Since there is no common element in art among all the objects produced from antiquity to today, in response to this question a theory of Wittgenstein comes to mind, which I consider to be one of the most brilliant ideas for establishing a possible relationship between the artists, objects and users of any era. The solution involves finding at least one common element between the groups of objects, thus obtaining a similarity or relationship. For example, person A has ears similar to person B, who has eyes similar to person C. Persons C and A have nothing in common, aside from person B. This is how I view the relationship between me, my creations and the people who choose them. My jewellery are like person B.
 
 
When you create a jewellery piece, do you think about who will wear it?
No, but I like to think that they will be intelligent, and often they are.
 
 
What are the techniques that you use to produce your jewellery?
In general, I like to invent technical procedures that I later use to produce my jewellery. I basically use procedures that I personally create, which are usually unnamed. At times they can be categorized as belonging to a certain family of techniques, at other times they are so diverse and layered that it is difficult to define them in a few words.
Recently I constructed a piece by applying knowledge I gathered from studying low-energy nuclear reactions (LENR). While obviously I did not attempt fusion, I forced atomic nuclei to pass through a thin metal film and then converted them back into complete atoms. I obtained the same initial atoms, but they were composed of different particles. This experience was not unlike producing a real philosopher’s stone. However, explaining in just a few words the technique I used to do all this is almost impossible.
 
 
Is there a common thread or philosophy that guides you in the production of your work?
I strive to always be a jeweller. I feel like a jeweller even when I am working in glass or wood. Even if I had to build something very large, several metres tall for example, I would continue to think like a jeweller rather than a sculptor.
 
 
During the planning stage, do you produce a design? A model? Do you have a precise plan or do you leave it to inspiration in the moment or to chance?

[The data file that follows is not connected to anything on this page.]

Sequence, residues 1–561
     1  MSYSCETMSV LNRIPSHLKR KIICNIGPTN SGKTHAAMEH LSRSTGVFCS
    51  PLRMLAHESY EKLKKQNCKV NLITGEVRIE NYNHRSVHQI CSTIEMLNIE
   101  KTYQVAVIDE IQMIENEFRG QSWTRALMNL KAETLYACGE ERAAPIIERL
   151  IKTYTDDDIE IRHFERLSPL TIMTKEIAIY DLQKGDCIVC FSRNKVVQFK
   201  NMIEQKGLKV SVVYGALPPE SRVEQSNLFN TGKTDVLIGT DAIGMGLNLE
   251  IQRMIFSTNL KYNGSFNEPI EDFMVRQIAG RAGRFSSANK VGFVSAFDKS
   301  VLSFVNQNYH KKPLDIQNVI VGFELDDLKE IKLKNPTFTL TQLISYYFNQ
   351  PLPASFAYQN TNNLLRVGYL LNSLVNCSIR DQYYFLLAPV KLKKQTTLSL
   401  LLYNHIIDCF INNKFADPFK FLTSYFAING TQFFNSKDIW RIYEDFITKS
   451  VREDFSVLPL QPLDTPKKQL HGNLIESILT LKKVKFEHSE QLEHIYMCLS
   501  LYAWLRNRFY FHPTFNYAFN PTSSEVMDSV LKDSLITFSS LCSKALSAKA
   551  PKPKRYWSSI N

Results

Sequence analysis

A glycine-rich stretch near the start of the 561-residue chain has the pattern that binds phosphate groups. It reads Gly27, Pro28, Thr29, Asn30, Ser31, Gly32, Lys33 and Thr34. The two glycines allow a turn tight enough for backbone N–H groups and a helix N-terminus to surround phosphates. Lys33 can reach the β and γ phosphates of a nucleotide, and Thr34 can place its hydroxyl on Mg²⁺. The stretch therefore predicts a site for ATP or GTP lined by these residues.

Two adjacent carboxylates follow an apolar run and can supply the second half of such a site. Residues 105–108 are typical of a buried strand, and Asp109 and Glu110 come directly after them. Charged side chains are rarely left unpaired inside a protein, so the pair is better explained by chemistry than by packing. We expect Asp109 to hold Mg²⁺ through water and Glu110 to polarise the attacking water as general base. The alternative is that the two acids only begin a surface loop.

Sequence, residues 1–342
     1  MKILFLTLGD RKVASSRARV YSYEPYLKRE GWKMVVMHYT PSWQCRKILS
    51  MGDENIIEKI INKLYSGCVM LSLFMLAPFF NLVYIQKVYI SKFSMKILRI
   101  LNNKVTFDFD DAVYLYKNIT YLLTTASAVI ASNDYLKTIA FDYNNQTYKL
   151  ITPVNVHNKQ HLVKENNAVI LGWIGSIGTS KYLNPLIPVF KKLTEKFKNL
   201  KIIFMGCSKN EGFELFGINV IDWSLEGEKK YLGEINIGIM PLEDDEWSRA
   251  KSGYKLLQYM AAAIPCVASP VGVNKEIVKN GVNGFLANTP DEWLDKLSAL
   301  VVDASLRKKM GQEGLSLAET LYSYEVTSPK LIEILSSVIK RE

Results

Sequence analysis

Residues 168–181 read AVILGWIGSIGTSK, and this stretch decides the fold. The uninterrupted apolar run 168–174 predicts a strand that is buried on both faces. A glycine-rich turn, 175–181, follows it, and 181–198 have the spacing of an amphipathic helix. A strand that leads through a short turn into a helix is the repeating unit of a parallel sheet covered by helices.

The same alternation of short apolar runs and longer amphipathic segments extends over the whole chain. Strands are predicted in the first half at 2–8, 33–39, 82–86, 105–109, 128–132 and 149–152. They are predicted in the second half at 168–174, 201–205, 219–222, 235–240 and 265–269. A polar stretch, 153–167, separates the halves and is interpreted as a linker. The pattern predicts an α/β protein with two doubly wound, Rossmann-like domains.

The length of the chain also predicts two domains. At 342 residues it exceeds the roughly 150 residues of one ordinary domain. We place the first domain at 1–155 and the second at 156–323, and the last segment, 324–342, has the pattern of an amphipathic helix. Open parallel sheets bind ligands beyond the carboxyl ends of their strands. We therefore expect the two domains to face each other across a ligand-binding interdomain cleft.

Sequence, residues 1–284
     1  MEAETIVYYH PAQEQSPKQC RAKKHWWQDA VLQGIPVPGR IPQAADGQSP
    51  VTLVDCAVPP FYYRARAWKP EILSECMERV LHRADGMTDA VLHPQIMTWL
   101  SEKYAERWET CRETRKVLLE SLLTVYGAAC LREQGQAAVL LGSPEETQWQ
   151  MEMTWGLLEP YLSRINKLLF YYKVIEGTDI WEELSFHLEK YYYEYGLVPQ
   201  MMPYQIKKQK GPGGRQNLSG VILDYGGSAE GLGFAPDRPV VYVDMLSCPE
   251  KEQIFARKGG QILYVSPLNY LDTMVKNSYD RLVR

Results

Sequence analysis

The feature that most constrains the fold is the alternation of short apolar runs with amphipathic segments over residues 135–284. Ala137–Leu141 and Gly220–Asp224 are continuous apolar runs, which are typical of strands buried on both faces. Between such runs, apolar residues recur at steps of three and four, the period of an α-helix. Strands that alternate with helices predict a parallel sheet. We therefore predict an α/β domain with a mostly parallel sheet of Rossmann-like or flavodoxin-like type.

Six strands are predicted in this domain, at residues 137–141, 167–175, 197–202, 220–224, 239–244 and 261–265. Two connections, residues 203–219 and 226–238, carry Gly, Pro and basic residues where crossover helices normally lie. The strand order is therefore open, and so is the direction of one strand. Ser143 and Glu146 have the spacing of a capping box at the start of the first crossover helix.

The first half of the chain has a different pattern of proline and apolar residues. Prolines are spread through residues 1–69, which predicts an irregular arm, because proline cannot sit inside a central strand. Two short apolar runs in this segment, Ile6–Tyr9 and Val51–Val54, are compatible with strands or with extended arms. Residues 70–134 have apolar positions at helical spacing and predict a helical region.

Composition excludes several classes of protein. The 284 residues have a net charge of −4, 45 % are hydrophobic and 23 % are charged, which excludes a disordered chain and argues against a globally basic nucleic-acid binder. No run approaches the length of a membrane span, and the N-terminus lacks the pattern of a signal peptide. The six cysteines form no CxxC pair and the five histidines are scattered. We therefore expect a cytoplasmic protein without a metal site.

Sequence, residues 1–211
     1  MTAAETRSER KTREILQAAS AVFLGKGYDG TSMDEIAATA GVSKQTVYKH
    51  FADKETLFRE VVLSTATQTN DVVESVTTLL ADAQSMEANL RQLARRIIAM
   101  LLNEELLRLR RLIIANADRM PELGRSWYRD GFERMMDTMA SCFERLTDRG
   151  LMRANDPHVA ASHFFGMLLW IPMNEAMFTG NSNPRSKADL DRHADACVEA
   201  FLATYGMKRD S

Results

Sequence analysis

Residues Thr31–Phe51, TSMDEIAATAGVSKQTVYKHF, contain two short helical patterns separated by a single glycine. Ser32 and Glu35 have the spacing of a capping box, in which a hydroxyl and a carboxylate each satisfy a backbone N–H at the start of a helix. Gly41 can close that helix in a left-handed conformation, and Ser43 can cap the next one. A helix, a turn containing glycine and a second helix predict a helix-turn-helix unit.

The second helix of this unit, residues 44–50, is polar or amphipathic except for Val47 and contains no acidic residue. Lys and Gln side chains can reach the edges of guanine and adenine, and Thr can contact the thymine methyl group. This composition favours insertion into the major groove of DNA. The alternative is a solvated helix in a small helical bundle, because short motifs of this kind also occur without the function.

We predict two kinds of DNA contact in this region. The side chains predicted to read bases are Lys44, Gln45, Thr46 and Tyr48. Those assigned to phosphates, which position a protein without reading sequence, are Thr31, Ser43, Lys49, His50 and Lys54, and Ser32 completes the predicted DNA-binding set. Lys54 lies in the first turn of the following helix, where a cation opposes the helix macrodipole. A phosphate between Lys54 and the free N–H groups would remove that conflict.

Sometimes I work with cardboard and metal models, along with sketches on paper, other times the design and the object are one and the same.
In some cases, I study the idea for months or even years before designing or building even a single prototype.
I have never developed a set design method.
 
 
What
essential difference is there between your first creations and your current creations? Were there intermediate stages?
Numerous differences and numerous stage. Some can be viewed as an interface between two different stages, almost a gradation that connects two similar ideas and makes them coherent. Others, in contrast, express radical shifts that are independent from preceding or subsequent stages.
 
 
Is your production divided into different phases or is it more of a homogenous evolution? In what groups or categories can your work be divided into?
Yes, many phases. It is difficult to describe them in a few lines without images, but I will try to summarize a few of the main phases.
My earliest works were inspired by the pixel – I wanted to create jewellery like a computer of that time represented images on a screen. This was during my first years studying at the Art Institute and I was completely fascinated by the classes on the relationship between science and art, which I mentioned in one of the first questions in this interview. Studies on the perception of images and colours influenced me considerably. Soon I realized that my earliest research on computers led, almost accidentally, to a procedure that I would later perfect and call metal micro-mosaic. The first works I produced are here in this exhibition. A piece that is particularly significant to me is one that reproduces a sort of gradated shading in silver and copper. That piece embodies all of the ideas, influences, technical knowledge and ideals that I had when I first started in this profession. A significant phase for me was the creation of jewellery with naturalistic forms, for example reeds. These pieces can be viewed as my first completed works, rather than mere studies. They were the first that I displayed and feature aesthetics that often derived from Japanese culture, as did the basic techniques of my procedures. Another important phase is the long period devoted exclusively to mosaics, which was unrelated to any preceding stage. This category of works surely represents the largest part of my production. This is an area that is still open to development and further exploration.